Alyssa R. Quiogue, Eisuke Sumiyoshi, Adam Fries, Chien-Hui Chuang, Bruce Bowerman
During C. elegans oocyte meiosis I cytokinesis and polar body extrusion, cortical actomyosin is locally remodeled to assemble a contractile ring that forms within and remains part of a much larger and actively contractile cortical actomyosin network. This network both mediates contractile ring dynamics and generates shallow ingressions throughout the oocyte cortex during polar body extrusion. Based on our analysis of requirements for CLS-2, a member of the CLASP family of proteins that stabilize microtubules, we recently proposed that a balance of actomyosin-mediated tension and microtubule-mediated stiffness limits membrane ingression throughout the oocyte during meiosis I polar body extrusion. Here, using live cell imaging and fluorescent protein fusions, we show that CLS-2 is part of a group of kinetochore proteins, including the scaffold KNL-1 and the kinase BUB-1, that also co-localize during meiosis I to structures called linear elements, which are present within the assembling oocyte spindle and also are distributed throughout the oocyte in proximity to, but appearing to underlie, the actomyosin cortex.
Animal cell shape and morphogenesis are influenced by both tension and elasticity within the cell cortex [1–4]. Cortical tension and elasticity both depend on the actomyosin cytoskeleton and its associated proteins. Non-muscle myosin and microfilament architecture are largely responsible for generating tension , while increased cross-linking of cortical microfilaments to the plasma membrane by Ezrin/Radixin/Moesin (ERM) proteins during the cell rounding associated with mitosis generates decreased elasticity and hence increased cortical stiffness [6–8]. While there is growing evidence for crosstalk between the microtubule and microfilament cytoskeletons [9,10], microtubules are generally viewed as forming distinct cytoskeletal structures that are not part of the animal cell cortex.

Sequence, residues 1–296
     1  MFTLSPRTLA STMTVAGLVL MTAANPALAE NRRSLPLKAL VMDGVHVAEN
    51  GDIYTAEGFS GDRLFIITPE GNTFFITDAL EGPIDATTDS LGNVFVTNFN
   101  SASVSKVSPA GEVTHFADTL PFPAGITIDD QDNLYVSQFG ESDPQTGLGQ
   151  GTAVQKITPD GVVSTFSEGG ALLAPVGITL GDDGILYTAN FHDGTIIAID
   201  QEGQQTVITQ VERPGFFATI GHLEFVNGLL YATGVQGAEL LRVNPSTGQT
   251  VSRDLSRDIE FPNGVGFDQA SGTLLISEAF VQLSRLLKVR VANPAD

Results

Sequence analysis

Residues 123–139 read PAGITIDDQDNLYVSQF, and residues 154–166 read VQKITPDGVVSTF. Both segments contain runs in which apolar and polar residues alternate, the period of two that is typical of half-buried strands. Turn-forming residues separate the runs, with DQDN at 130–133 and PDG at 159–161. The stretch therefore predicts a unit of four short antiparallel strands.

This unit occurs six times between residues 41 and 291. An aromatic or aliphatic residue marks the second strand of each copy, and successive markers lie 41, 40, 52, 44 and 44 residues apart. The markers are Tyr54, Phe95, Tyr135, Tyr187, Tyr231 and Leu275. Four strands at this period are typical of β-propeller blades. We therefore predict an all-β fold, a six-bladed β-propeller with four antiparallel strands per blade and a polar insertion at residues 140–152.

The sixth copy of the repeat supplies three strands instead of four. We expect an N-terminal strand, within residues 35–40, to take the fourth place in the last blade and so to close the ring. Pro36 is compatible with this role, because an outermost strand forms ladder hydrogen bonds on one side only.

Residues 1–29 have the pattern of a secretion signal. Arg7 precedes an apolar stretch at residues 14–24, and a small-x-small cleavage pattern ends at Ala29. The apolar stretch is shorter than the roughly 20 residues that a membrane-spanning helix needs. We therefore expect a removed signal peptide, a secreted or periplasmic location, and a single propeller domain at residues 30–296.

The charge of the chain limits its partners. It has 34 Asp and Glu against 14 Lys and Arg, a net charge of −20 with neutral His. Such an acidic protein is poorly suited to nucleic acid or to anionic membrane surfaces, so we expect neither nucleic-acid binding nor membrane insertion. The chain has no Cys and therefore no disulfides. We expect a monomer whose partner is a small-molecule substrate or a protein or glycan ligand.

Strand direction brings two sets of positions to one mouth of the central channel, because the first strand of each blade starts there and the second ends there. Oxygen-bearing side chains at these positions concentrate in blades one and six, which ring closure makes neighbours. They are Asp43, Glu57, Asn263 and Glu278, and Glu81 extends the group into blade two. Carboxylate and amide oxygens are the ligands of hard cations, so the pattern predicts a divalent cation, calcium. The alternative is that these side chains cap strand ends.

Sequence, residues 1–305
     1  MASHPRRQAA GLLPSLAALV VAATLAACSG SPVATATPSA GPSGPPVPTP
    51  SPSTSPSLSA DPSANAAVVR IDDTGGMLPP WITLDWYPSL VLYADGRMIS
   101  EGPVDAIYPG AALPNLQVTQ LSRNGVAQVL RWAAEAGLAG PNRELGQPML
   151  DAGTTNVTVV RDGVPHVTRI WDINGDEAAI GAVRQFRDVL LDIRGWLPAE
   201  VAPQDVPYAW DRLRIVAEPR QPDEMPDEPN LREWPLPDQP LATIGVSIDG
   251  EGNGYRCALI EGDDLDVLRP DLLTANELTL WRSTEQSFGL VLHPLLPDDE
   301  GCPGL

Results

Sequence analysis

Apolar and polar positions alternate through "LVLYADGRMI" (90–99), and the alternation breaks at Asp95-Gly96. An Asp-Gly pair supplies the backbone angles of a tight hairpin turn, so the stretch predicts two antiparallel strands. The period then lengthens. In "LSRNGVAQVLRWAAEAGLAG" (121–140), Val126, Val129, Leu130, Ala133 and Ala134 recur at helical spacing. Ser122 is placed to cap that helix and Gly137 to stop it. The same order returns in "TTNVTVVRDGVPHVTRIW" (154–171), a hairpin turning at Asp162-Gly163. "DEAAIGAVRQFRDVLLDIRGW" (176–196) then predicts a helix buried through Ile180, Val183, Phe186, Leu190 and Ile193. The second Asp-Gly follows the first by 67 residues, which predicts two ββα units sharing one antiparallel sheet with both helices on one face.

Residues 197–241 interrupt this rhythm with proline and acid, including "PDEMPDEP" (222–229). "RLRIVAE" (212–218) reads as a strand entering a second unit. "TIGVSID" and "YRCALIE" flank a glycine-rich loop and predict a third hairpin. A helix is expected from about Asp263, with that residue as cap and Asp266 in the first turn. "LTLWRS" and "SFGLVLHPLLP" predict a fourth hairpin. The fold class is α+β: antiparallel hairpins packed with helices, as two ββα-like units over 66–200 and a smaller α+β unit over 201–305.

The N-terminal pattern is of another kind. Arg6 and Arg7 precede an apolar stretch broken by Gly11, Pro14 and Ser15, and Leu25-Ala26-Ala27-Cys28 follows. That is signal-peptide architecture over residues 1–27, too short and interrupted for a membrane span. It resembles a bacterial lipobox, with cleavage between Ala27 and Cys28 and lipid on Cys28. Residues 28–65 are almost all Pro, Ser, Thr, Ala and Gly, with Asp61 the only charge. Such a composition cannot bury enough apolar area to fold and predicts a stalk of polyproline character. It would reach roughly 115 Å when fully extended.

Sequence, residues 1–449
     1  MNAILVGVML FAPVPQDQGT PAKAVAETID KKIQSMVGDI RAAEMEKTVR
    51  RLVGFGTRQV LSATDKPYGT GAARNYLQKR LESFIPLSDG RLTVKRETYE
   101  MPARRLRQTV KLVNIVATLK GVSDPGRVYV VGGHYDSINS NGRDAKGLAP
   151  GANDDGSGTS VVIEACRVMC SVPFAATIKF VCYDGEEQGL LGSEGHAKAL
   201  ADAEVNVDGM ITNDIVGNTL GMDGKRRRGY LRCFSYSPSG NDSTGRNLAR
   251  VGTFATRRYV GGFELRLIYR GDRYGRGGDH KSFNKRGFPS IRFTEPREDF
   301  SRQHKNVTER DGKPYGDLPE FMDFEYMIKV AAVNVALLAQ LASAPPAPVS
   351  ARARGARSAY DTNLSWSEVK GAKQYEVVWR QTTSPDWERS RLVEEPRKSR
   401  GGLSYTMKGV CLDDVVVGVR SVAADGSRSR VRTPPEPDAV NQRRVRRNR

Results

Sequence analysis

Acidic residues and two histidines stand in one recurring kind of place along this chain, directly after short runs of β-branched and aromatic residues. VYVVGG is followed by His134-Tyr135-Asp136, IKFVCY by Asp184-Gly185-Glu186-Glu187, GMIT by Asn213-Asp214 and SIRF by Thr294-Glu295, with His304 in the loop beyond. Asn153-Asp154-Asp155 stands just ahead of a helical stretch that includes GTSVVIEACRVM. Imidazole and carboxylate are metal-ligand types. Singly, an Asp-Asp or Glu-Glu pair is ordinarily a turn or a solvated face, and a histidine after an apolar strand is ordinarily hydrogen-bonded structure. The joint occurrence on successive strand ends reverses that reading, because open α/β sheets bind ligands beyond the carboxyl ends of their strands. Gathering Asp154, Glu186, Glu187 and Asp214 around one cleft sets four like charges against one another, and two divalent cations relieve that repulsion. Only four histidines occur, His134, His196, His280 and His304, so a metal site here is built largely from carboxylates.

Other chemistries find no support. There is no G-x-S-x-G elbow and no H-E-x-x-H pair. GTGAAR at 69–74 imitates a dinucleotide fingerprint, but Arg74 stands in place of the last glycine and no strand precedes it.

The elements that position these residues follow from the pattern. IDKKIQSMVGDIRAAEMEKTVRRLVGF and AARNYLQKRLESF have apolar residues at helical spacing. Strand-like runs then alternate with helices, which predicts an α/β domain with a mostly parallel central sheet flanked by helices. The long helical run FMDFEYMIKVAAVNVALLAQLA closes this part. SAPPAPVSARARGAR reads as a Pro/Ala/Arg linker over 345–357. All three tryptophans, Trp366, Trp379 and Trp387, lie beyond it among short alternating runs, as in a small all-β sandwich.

Materials and methods
Feeding RNAi Knockdown
All RNAi experiments were carried out by feeding E. coli strain HT115(DE3) induced by IPTG to express double-stranded RNA corresponding to the following genes: bub-1, cls-2, klp-7, knl-1, rod-1 and zyg-9. First bacteria clones were picked from an RNAi library and grown on LB Agar plate with Ampicillin . Each bacterial clone was miniprepped using the Qiagen kit for subsequent sequence confirmation. Hypochlorite synchronized L1 larvae were grown on standard nematode growth medium plates, washed with M9 three times and then plated on the induced RNAi plates and grown at 20°C until imaging. The feeding times were chosen such that if treatment were extended for an additional 6 more hours, 90% or more of the adult worms became sterile. For bub-1, cls-2, klp-7, rod-1 and zyg-9 worms were fed for 48–52 hours. For knl-1 RNAi, L1 larvae were grown until L4 stage and placed onto knl-1 RNAi plates for 35–40 hours. For auxin induced degron (AID) experiments, feeding times were chosen until hatching rate reached 0%. For all AID strains, hypochlorite synchronized L1 larvae were grown on standard nematode growth medium plates (NGM) until L4 stage, where worms were transferred onto NGM with 1mM Auxin plates. For all strains, worms were placed onto the 1mM Auxin plates for 13 hours before imaging.
KNL-1, BUB-1 and CLS-2 co-localize to linear elements that underlie the cortex during meiosis I